Comment 2: “…And he mentioned cigarettes, nicotine is the ultimate synthetic neurotransmitter, it is a nerve agent used to kill insects and in a high dose cause a sea anomie to ejaculate to death literally…[I]n animal studies an animal will use a substance or direct stimulation of the pleasure center of the brain until death ensues. They will do this neglecting all other biological and sociological needs and/or obligations. This is physical powerlessness. I believe empowerment is very important but there is a difference between having consequences with rational control and a physiological need/desire for a substance…the [animal] studies have been replicated in many different animals, rhesus monkeys, rats, dogs, other rodents such as mice, guinea pigs etc. It really is fascinating. Having said all of the previous, I do believe that humans are capable of higher level thinking and are different from animals; however we do have a snake brain!”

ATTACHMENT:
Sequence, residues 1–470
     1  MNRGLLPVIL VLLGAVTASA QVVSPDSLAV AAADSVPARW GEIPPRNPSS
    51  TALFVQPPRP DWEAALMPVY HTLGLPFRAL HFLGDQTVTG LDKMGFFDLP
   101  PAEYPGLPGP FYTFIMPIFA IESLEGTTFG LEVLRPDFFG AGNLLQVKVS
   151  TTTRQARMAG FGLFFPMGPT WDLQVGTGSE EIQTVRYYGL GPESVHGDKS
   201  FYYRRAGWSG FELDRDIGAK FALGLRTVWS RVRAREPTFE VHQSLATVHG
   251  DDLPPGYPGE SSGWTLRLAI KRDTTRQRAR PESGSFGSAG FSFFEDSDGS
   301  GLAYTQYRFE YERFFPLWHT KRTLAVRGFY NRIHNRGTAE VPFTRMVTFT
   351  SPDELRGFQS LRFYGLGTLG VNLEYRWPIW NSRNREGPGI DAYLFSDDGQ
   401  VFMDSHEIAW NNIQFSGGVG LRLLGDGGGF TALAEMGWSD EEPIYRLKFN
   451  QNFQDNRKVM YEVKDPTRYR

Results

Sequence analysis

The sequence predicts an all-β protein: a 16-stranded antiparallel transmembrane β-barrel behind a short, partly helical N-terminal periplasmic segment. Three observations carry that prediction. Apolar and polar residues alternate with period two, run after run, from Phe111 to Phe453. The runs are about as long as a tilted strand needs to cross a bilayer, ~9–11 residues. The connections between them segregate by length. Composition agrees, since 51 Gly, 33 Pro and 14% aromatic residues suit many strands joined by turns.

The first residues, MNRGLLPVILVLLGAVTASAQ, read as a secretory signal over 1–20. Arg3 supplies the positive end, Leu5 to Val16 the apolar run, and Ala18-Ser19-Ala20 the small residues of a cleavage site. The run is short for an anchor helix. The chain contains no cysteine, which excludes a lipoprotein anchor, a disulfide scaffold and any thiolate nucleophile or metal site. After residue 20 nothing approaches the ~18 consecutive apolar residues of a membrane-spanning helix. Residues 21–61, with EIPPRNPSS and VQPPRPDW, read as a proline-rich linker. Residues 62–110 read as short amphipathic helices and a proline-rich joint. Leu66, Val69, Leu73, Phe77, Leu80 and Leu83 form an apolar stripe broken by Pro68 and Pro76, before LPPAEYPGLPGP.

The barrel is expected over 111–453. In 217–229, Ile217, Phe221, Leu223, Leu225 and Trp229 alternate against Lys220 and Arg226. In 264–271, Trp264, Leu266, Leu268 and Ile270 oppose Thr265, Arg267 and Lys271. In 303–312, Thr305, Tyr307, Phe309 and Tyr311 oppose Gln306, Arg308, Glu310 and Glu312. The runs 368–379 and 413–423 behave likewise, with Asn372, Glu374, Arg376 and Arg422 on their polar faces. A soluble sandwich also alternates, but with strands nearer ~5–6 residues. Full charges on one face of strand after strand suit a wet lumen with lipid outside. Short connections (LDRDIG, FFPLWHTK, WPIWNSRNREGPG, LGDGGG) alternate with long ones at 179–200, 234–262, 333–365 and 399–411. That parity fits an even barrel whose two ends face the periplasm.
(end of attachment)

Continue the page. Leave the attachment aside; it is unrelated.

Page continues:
My Response: Although there is a lot of value in animal studies (particularly in medicine), in the field of psychology, we are dealing with the human mind/consciousness, and have to keep in mind that we are not, rats, snakes, insects or sea anemones. We are human beings. What separates human beings from the lower animals is that we have a rational faculty; that is, we can think conceptually while animals only have a perceptual faculty—they do NOT think. Animals act automatically because they are hard-wired to act in a particular way. Human beings are not hard-wired—they have to learn everything through the process of gaining knowledge over time through their perceptual and conceptual faculties (i.e., through the use of their senses and their ability to reason and integrate knowledge).